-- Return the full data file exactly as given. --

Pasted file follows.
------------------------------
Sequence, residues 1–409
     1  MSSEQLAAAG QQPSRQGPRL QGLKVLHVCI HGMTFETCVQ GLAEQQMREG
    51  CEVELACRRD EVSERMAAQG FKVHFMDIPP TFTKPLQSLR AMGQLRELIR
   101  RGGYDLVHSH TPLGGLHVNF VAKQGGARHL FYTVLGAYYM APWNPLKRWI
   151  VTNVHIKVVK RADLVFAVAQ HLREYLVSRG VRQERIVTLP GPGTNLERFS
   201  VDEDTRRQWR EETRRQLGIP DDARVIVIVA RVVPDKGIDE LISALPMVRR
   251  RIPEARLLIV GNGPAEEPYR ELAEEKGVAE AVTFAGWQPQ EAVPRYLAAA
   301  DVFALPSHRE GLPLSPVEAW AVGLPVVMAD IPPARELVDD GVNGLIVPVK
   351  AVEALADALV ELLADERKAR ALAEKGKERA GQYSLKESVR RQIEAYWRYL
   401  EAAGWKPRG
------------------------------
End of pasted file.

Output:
Sequence, residues 1–409
     1  MSSEQLAAAG QQPSRQGPRL QGLKVLHVCI HGMTFETCVQ GLAEQQMREG
    51  CEVELACRRD EVSERMAAQG FKVHFMDIPP TFTKPLQSLR AMGQLRELIR
   101  RGGYDLVHSH TPLGGLHVNF VAKQGGARHL FYTVLGAYYM APWNPLKRWI
   151  VTNVHIKVVK RADLVFAVAQ HLREYLVSRG VRQERIVTLP GPGTNLERFS
   201  VDEDTRRQWR EETRRQLGIP DDARVIVIVA RVVPDKGIDE LISALPMVRR
   251  RIPEARLLIV GNGPAEEPYR ELAEEKGVAE AVTFAGWQPQ EAVPRYLAAA
   301  DVFALPSHRE GLPLSPVEAW AVGLPVVMAD IPPARELVDD GVNGLIVPVK
   351  AVEALADALV ELLADERKAR ALAEKGKERA GQYSLKESVR RQIEAYWRYL
   401  EAAGWKPRG